Thursday, 16 July 2009

A Woman by Any Other Name ...

I just watched an old movie the other day called "Tootsie". Probably a lot of people have seen it or at least heard about it. It's one where Dustin Hoffman plays an unemployed actor who's so desperate for work he dresses up as a woman to land a part in a TV serial. This of all leads to some comic moments, clashes with his personal life which of course includes his love life, and then he makes some feminist statements.

One of these is when he tells off the director at the TV station for calling him "tootsie" (as well as a variety of other names). The director there calls the men by their first names, but he tends to call the women names like "cutey" or "tootsie" as well as doing stuff like grabbing their butt and having sexual relations with a few of the good looking younger ones.

This is one of Hoffman's feminist statements and inspires some of the women to stand up for themselves.

I read on some of the IMDB comments some of the reviews for "Tootsie". In general it got good reviews. However one commenter said he didn't really understand whether being called "tootsie" was such a big deal. Was being called "tootsie" or "cutey" or "sweetie" or whatever such a big deal and was it any different from being called "pal" or "buddy" as men call each other at work and there is no real big deal made about that?

Well, I'd say that there is something different about it, but first of all, I'd like to say: What are people generally called at workplaces, do you know about, and do you think it's appropriate? First names, last names, nicknames, etc?

At my workplace it was first names except when you addressed the Judge in which case you said "Judge" or "Your honour" which was considered protocol. Naturally some people who were closer to the judges addressed the judge by his or her first name but when in doubt, title was best. Some people used to address me by my position instead of my name (but usually people from outside the building, clients etc).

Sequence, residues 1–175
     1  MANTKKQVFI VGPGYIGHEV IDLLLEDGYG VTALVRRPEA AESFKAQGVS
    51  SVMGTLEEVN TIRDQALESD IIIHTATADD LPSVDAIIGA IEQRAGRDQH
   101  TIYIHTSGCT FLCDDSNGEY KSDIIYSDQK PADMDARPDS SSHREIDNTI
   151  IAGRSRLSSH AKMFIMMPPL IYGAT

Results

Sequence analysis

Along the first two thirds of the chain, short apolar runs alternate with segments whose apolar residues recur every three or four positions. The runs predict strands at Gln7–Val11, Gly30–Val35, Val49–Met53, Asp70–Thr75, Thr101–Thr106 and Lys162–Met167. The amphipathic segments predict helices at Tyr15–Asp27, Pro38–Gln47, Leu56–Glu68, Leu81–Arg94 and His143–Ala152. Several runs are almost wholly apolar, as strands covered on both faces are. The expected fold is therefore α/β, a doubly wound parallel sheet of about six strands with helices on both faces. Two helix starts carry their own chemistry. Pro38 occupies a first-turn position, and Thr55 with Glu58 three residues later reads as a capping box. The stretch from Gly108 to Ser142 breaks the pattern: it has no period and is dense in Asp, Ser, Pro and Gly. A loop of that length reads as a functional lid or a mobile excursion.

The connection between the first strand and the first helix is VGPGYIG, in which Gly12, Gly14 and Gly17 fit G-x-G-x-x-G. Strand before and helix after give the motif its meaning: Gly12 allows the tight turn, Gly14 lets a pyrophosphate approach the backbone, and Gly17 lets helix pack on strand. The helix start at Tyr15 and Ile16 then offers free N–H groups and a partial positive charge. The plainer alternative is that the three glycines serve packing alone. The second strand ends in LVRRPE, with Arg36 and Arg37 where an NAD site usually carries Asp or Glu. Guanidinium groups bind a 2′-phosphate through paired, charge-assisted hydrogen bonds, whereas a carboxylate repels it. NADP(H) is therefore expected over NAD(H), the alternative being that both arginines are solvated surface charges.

Basically I think there is a certain difference, that is something like "pal" or "buddy" implies friendship and equality. You say "pal" or "mate" to someone, they can also address you the same way.

However, when a male says "tootsie" or "sweetie" or "cutey-pie" or whatever to a woman, especially to someone who is below him in rank, it sounds like a term that you would use to "pet" someone, and it makes reference to them in a way that could be easily seen as their sexuality or their looks or both.

What is most important about the situation in the movie is that the men were known by their names, but the women were given little cutesy nicknames, which separated the way they were treated, and they didn't find it favourable. (Not to mention the added fact that the man also grabbed butts and talked over women.)

All in all I think that as an isolated case, a nickname does not necessarily mean that you are demeaning someone or being out of line, but the context can determine it, and the way the nickname is chosen and used and what it could imply.

Maybe it's just easier to stick with names unless invited, boring as it may sound!

And then you've got the problem of, is it their full name or their last name plus title or do they like their name slightly abbreviated or ...



JahTeh said...

After the film came out, I read an interview with Dustin Hoffman who was really crushed that he didn't become a beautiful woman after all that effort.

Maria said...

Dustin Hoffman probably could take comfort that he did look like a beautiful woman. A beautiful woman with a lot of masking makeup, a wig and a prosthetic nose.

It seems it was the rage in Hollywood for beautiful women like Nicole Kidman and Charlize Theron to put on all this stuff in movies and after his transformation Hoffman probably just looked right in with them. Kind of, except he had the guy from Police Academy trying to get into his pants.